While still in her teens, Angela became a proficient spinner/weaver and acquired a working knowledge of sheep production and wool selection ... with help from her friends John and Judy Lewman, who own Spring Creek Farm (a family-run business that supplies products for handspinners). Then Angela turned her attention to shearing, and was fortunate enough to train under the farm's expert clipper, "Pistol Pete" Ordorff, who's practiced his trade for more than 55 years. Under Pete's instruction, Angela learned to fleece with a mini mum of second cutting (going over the same area twice, an act that produces small tufts of wool which ruin the product for handspinners) and without lacerating the animals' skin.
After serving a three-year apprenticeship, Angela hung out her own shingle and began to prove her ability as an independent shearer. Her prices start at $1.50 per head, depending on the number of sheep and the amount of travel time involved ... and the fleecing takes upward of three minutes per animal (Angela once spent more than eight hours shearing eleven sheep... because their wool was full of clay dust that kept dulling the blades of her clipper).
Earning recognition as an accomplished fleecer is usually a slow process—since shearing is done only once (or maybe twice) a year—but Minnesota's sheep raisers are rapidly coming to appreciate the skills of Angela Maas.—Andy Hjelmeland.
PAMELA SUE MARTIN (who plays the part of Fallon Carrington on television's Dynasty) has traveled to Newfoundland and appeared on U.S. talk shows on behalf of the environmental group Greenpeace. She has devoted her time to the protest of such long-standing Greenpeace targets as nuclear power and the annual harp seal harvest.
Leesburg, Florida citrus grower LEE MCCOMB farms one of the largest organic groves in the Sunshine State... tending 65 acres of fruit without the use of chemicals. Though most of Florida's agriculturists opine that chemical-free farming cannot be profitable, Lee has managed to surpass the average 400-box-per-acre statewide grapefruit yield of recent years ... harvesting as many as 600 boxes of fruit per acre from some parts of his orchard.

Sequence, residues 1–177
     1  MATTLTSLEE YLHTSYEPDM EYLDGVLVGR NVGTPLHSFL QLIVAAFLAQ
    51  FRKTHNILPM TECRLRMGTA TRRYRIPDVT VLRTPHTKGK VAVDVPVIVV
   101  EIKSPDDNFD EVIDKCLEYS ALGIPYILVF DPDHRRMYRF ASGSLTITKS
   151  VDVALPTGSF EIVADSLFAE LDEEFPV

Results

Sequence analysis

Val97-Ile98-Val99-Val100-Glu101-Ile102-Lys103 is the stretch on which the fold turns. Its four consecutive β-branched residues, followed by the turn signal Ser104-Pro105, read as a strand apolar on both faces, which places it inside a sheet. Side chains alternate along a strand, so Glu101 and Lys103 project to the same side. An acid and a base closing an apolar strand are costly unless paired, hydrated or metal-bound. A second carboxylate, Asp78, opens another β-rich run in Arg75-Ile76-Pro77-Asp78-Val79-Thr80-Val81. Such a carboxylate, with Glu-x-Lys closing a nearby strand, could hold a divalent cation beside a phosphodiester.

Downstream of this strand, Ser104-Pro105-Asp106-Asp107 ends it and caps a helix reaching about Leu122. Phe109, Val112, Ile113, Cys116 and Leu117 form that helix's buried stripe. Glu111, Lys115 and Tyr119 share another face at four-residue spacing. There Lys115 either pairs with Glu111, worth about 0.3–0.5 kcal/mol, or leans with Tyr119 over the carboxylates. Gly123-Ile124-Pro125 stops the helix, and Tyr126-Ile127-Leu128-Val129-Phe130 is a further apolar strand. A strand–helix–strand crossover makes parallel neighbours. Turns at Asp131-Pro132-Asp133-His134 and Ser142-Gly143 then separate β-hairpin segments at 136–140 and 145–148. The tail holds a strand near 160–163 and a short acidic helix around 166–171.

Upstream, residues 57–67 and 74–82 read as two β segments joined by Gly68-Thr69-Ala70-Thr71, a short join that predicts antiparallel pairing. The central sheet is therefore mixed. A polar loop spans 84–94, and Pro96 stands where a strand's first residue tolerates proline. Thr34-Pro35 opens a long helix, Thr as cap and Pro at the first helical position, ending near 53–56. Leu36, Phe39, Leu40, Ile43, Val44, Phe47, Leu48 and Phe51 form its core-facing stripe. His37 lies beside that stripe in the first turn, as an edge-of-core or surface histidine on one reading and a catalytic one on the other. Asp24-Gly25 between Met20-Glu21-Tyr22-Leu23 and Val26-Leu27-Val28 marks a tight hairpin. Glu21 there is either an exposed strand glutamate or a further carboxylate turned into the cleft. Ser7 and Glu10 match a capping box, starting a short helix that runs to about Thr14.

Prominent antinuclear activist DR. HELEN CALDICOTT (see issue 56, page 110 and issue 58, page 114) has founded an organization called Women's Action for Nuclear Disarmament (WAND). Members will focus their efforts on political action ... endorsing candidates, working to pass nuclear-freeze referendums, and lobbying prior to critical votes in Congress. For information write WAND, Dept. TMEN, P.O. Box 153, New Town Branch, Boston, Massachusetts 02258.
When JERRY KALUHIWA realized that the seaweed in Honolulu's Kaneohe Bay had been all but stripped by foragers, he began a volunteer program to replenish the underwater crop. Kaluhiwa and his helpers took charge of a one-acre plot, where they plant and tend seedlings of the Hawaiian delicacy. "We want to regenerate and preserve a badly depleted ocean resource that was once a common food source in the area," says Jerry.
A colorful 700-foot-long procession of piggyback trailers, decorated with wildlife murals that urged the protection of endangered species, made the Santa Fe Railway Chicago-Los Angeles run last February. The mural trailers were commissioned by JERRY G. CHAMBERS, the founder and chairman of a Chicago-based freightforwarding firm called Clipper Exxpress Company—JV.